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Should carriers stick with 2-year contracts or move to postpaid plan arrangements?

post #1 of 10
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Featured Debate 7

 

Do you think carriers should stick with phone subsidies (cheaper phones) supported with two-year contracts, or should they move to non-subsidized (more expensive phones), no-contract-term postpaid plan arrangements?

 

[This debate is brought to you by pgens - if any one has any other debate topics burning, just drop me a PM and we'll make sure to get it on here]

post #2 of 10

I think it would be wise to have both options. More choice certainly can't hurt the consumer.

post #3 of 10

I totally agree, just offer customers both options.  It's obvious that the carriers' biggest concern is maintaining subscribers, so they really want the 2-year commitment.  I wonder how well it serves the handset manufacturers though.  Nokia and Sony Ericsson have always been good about making handsets available for general sale to customers, I wish every phone was more readily available that way.  Probably never going to happen though.

post #4 of 10

I may be wrong, but I think that nearly every carrier already DOES offer both options. Off the top of my head, I can't think of one that doesn't. 

 

As much as I don't like them, I think the contracts make the most sense for both parties in nearly all the cases. The average consumer (read: not those of us on this site) isn't going to want to switch phones or carriers very often. He/she will happily accept a discount for doing something they're already going to do anyway (stay with the same carrier). Likewise, the carrier wants a predictable revenue stream, so they're happy to give the discount to get that.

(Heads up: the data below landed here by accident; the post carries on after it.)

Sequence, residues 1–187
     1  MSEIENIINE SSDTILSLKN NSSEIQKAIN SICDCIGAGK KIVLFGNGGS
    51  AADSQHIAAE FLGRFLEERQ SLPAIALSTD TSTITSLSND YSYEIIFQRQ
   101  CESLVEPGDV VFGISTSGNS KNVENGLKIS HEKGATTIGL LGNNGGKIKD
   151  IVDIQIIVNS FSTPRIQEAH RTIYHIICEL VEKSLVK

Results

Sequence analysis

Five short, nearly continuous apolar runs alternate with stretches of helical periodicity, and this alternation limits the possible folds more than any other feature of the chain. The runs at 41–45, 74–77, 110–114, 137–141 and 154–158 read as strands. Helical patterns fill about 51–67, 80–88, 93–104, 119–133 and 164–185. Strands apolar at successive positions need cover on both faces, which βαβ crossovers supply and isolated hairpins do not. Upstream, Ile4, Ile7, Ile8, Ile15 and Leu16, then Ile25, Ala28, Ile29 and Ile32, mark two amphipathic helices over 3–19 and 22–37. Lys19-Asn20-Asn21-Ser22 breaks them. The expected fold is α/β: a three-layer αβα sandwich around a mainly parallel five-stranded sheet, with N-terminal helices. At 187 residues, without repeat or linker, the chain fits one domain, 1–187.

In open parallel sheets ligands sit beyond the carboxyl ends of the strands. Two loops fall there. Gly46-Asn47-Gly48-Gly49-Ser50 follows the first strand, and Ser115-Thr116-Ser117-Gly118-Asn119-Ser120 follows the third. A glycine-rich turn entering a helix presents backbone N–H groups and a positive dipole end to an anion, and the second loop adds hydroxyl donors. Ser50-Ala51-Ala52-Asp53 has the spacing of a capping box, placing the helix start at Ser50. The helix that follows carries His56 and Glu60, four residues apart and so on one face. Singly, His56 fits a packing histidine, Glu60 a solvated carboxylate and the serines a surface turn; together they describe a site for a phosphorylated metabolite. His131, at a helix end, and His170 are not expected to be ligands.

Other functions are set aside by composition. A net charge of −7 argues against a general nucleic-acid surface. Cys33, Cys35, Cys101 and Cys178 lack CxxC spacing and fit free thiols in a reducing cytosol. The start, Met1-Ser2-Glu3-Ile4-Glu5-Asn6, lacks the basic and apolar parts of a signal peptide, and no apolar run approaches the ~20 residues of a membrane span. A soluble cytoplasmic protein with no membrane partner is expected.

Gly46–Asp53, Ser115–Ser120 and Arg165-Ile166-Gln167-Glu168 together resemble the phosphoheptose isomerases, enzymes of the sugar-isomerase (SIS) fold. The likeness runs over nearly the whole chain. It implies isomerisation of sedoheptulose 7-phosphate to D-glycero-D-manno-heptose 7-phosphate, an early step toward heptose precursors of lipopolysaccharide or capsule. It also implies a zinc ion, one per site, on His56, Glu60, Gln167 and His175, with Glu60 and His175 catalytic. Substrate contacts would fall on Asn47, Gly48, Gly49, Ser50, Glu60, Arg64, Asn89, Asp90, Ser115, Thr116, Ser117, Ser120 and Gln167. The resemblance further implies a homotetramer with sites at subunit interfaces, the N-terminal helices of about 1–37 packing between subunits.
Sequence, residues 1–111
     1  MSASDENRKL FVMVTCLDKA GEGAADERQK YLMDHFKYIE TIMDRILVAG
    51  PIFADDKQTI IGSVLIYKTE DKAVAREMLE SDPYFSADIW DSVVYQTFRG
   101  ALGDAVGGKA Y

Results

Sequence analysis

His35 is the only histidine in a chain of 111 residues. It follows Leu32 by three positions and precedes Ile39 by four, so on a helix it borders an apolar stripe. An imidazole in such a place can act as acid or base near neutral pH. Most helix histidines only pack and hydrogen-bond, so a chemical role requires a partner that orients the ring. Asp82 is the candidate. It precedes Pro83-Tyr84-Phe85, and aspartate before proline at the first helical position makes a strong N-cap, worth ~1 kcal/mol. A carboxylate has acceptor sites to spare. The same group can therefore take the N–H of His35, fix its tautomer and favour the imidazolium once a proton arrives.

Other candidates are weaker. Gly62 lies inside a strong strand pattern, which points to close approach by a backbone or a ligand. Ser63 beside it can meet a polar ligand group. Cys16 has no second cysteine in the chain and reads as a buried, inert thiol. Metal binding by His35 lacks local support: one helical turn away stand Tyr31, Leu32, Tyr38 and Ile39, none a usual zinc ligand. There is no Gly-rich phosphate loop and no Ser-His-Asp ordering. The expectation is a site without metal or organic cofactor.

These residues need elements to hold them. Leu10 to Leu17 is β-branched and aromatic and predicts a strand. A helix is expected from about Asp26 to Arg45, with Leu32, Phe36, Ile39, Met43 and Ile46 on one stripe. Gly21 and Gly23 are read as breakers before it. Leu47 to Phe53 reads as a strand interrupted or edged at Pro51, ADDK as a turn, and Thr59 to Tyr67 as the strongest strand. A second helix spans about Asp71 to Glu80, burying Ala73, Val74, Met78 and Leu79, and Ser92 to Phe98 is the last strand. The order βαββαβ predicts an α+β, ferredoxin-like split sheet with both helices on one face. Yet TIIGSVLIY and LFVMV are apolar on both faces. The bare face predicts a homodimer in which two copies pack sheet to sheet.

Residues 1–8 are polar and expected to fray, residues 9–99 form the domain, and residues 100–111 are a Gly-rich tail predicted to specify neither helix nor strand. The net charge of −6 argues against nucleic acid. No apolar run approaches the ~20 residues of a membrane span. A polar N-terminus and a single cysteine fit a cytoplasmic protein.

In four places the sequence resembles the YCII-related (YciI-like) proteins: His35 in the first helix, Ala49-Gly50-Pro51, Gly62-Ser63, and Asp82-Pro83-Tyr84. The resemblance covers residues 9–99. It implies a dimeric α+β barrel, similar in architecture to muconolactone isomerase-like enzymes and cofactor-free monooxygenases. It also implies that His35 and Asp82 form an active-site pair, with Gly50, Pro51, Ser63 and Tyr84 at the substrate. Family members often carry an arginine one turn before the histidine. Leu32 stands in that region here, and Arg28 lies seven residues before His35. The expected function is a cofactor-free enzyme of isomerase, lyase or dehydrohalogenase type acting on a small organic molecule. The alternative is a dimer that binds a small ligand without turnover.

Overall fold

post #5 of 10

For example, you cannot buy an iPhone 3G without a contract.  AT&T says eventually you'll be able to buy one and go postpaid, but you can't right now. 

post #6 of 10

OK, fair enough. I guess there are certain phones you can't buy without a contract. I think the Instinct (Sprint) is another one. But AT&T does offer no-contract plans for its standard phones.

post #7 of 10
Quote:
Originally Posted by dordal:

OK, fair enough. I guess there are certain phones you can't buy without a contract. I think the Instinct (Sprint) is another one. But AT&T does offer no-contract plans for its standard phones.

Are you talking about the GoPhone plans?  As far as I know, none of those are really feasible if you talk a lot, text a lot, or use lots of data.

 

At any rate, I'd really like to see more non-subsidized options.  There are hundreds of great phones on the market, but since everyone pays the subsidized contract rate, it's only practical to select from the dozen each provider offers in-store for most people.

post #8 of 10

I don't believe Verizon has a no-contract option for their postpaid plans.  Six months ago I wanted to add a line for my Blackberry Pearl I received as a review unit.  It required a contract term.  I cancelled the line in under 30 days, but had I waited to cancel until day #31 I would have had to pay an ETF even though I had zero phone subsidy!  How fair is that lol


Edited by pgens - Fri, 29 Aug 2008 23:01:01 GMT


Edited by pgens - Sat, 30 Aug 2008 22:13:28 GMT
post #9 of 10

 AT&T actually has normal post-paid non-contract plans, but you have to go into the store to get them.


Edited by dordal - Tue, 09 Sep 2008 22:24:26 GMT
post #10 of 10

At this time and because of the economy, I think both options should be offered up front. For existing customers, it should (maybe) even be offered as an alternative to losing those customers who don't have jobs, presently.  I know, I know.  That's not what business is about.  I'm just saying, I'm not telling. 

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